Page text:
20 posts categorized "consumerism"

September 06, 2008

Young Voters influenced by Negative Political Ads

Noway Negative attack ads have a powerful impact on younger voters, a recent study published by the Journal of Consumer Research has found.

Researchers from Notre Dame and the University of Texas at Dallas used real advertisements from the 2004 US presidential election to show that, although negative political ads are explicitly disliked, they have a powerful impact on voters’ mindsets that positive ads do not – and the potential to change preference and behavior in ways that benefit the party running the attack ads.

After viewing an ad that attacked their favored candidate, about 14 percent of the voters “dug in their heels” and indicated stronger support for their favored candidate. At the same time, another 14 percent of the young voters viewing that same attack ad were influenced by the ad’s content to weaken their support for their preferred candidate and to switch their support to the party conducting the attack ads. Viewing positive ads did not lead to significant voter movement.

July 03, 2008

Boston College's Juliet Schor and Prasannan Parthasarathi on the need for broad-based economic reforms

LandscapeFrom The Boston Globe, April 27, 2008:

"The nation can no longer sustain the same old policies that enrich the energy giants, agribusinesses, and other transnationals who bear a large part of the responsibility for the current mess.

"We need broad-based reforms that cushion higher prices for basic needs by putting more purchasing power into lower-income hands, expand secure access to sustainable food sources, and provide climate-friendly power and transport. That requires egalitarian policies, bottom-up power, and sustainable methods of production.

"The sooner we get on the path to this inevitable transition, the easier, and fairer, the process of adjusting prices will be."

June 13, 2008

Swaying Joe Public: From Widgets to Votes

After watching this excerpt from The Corporation, I couldn't help but wonder whether corporate-style buzz marketing techniques are used to influence voters. For example, are people hired to carry on casual conversations on buses and subways about how fabulous a particular candidate is, in the hope of influencing Joe Public to vote a particular way?  It's an interesting question -- and one that would make a fabulous documentary, don't you think?

By the way, if you haven't seen The Corporation, rent, borrow, or purchase a copy this weekend. It's an absolute must-see (unless, of course, you prefer to remain comfortably numb).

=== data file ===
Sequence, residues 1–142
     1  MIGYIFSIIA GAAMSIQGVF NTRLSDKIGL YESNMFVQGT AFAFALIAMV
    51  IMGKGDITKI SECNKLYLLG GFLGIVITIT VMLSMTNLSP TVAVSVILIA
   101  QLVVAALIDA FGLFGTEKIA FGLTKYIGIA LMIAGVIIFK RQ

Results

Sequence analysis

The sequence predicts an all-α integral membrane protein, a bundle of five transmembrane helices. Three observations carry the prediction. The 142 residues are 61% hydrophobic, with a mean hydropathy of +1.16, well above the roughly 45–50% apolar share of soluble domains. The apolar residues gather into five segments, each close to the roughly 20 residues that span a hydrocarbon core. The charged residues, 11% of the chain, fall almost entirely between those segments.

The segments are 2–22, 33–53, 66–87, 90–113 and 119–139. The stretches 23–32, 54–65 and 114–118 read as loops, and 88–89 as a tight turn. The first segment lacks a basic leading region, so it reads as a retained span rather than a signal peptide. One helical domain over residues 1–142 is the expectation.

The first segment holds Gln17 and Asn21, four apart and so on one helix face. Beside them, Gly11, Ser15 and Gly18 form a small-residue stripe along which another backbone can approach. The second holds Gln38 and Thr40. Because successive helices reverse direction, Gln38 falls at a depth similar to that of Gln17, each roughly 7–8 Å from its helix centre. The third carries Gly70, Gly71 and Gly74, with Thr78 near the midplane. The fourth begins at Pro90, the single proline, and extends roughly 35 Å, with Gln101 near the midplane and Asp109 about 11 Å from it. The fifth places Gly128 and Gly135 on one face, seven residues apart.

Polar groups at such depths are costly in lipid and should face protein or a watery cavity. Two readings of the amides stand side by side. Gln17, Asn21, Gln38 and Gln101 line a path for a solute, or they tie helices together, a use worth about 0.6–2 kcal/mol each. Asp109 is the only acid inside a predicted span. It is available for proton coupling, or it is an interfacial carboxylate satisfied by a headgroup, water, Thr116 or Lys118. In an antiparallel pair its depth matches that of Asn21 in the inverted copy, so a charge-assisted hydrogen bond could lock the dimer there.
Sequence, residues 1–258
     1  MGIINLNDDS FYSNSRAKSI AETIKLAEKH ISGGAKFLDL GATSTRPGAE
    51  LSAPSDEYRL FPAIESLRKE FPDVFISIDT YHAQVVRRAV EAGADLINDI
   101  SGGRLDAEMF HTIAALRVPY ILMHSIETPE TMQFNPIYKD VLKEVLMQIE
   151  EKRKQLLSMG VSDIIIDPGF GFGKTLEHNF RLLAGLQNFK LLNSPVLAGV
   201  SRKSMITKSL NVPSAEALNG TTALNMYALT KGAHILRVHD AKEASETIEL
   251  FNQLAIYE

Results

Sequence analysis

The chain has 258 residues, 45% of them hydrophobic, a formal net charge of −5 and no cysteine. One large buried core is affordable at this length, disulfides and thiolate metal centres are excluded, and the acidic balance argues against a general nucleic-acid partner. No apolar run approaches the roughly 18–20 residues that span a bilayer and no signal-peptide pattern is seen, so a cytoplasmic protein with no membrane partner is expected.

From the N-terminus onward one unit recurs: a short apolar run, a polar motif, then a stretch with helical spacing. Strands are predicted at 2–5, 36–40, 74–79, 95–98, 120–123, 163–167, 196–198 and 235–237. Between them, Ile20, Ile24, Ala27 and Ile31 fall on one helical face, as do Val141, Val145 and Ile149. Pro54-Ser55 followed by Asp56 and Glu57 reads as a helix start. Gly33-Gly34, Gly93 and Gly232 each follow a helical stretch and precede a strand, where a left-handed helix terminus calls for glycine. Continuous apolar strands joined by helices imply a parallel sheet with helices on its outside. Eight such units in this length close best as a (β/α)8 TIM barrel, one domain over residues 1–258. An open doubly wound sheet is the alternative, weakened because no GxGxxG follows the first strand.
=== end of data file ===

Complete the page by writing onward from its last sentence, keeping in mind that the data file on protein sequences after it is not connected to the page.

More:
May 12, 2007

What the Mom Working at WalMart Really Wants for Mother's Day

Woman14 leading women's groups in the U.S. have joined with WakeupWalmart.com to launch the
Moms Deserve Better Than Wal-Mart Campaign.

Here's the campaign pledge:

I, _____________, pledge not to buy a Mother's Day gift from Wal-Mart unless Wal-Mart promises to pay a living wage, provide affordable health care, and end its anti-family policies that hurt all women, especially moms, who work at Wal-Mart.
This year, until Wal-Mart changes for the better, I promise to
"Love Mom, Not Wal-Mart"

Christian Science Monitor Review of The Wal-Mart Effect by Fast Company Editor Charles Fishman: "Today, when Wal-Mart negotiates with suppliers, it tends to get its way. The firm has an obsession, Fishman reports, 'almost a corporate fetish' with the kind of cost- and price-cutting that have made Wal-Mart a consumer magnet....Dangling the prospect of volume sales, it essentially gets companies hooked....Wal-mart is perhaps a perfect fit for the culture that spawned it - one that simultaneously values frugality and loves to consume."

WalMart Watch: "Our mission is to persuade Wal-Mart to assume its leadership role as America's largest corporation and enact positive change."

January 26, 2007

Think Green on Valentine's Day

Noway_1Valentine's Day is just a little over two weeks' away, so this might not be a bad time to let your Valentine know that it would be okay to skip the over-hyped and over-packaged Valentine's merchandise in favor of something a little more meaningful and a whole lot less expensive: perhaps dinner out at your favorite local restaurant, a treasure from your favorite second-hand store, a donation to a publication or project or cause or charity that makes his/her heart beat faster, or simply the gift of spending time together. Of course, this assumes that you and your beloved are on the same wavelength when it comes to environmental issues. But then again, if Mr. or Ms. So-Called Right couldn't care less about environmental issues, he or she may not even be your Valentine by Valentine's Day.

Love, Factually
The Green Guide: Have a Heart -- How to Have a Valentine's Day with a Conscience
A Not So Golden Gift for Valentine's Day
Activists Target Chocolate, Gold on Valentine's Day

January 21, 2007

The Toronto Star's Series on Poverty

The Toronto Star's excellent series on poverty continued today with a portrait of what living on $32,000 as a family of five in Toronto actually means in terms of quality of life. It's easy to forget that not everyone enjoys the privileged lifestyle that is all-too-often portrayed as being universal.

The series starts here.

January 01, 2007

Andrea Goes Unshopping